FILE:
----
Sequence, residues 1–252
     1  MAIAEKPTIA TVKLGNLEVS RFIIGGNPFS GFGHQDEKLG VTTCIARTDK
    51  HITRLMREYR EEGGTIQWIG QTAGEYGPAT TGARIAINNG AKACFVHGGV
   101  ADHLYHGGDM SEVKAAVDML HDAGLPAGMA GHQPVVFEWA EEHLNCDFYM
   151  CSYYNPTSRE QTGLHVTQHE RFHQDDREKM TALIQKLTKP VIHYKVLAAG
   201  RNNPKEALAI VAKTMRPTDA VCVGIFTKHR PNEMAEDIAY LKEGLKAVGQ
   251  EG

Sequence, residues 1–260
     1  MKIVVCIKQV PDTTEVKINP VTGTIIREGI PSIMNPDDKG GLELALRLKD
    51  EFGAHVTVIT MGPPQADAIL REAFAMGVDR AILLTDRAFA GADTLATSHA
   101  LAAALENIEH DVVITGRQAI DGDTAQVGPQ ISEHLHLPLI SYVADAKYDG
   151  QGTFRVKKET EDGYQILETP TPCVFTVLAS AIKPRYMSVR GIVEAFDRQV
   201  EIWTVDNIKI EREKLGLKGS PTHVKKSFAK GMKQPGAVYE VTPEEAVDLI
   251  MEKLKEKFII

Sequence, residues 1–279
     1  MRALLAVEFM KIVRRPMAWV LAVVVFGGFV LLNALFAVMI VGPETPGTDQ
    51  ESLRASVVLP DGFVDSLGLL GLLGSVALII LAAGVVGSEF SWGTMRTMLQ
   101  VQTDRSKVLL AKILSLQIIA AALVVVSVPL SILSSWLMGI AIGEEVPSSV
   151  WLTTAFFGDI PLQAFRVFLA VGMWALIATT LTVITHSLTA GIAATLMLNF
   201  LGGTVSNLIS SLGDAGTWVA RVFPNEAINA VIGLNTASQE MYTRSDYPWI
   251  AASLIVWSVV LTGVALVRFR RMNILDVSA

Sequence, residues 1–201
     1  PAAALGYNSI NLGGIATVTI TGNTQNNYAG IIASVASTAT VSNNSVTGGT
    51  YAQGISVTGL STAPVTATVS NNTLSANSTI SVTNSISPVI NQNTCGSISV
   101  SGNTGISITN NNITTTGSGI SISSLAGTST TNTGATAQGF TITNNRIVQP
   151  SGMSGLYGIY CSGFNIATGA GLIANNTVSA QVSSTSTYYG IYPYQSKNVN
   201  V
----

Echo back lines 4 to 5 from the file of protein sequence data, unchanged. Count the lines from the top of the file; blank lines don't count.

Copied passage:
   101  ADHLYHGGDM SEVKAAVDML HDAGLPAGMA GHQPVVFEWA EEHLNCDFYM
   151  CSYYNPTSRE QTGLHVTQHE RFHQDDREKM TALIQKLTKP VIHYKVLAAG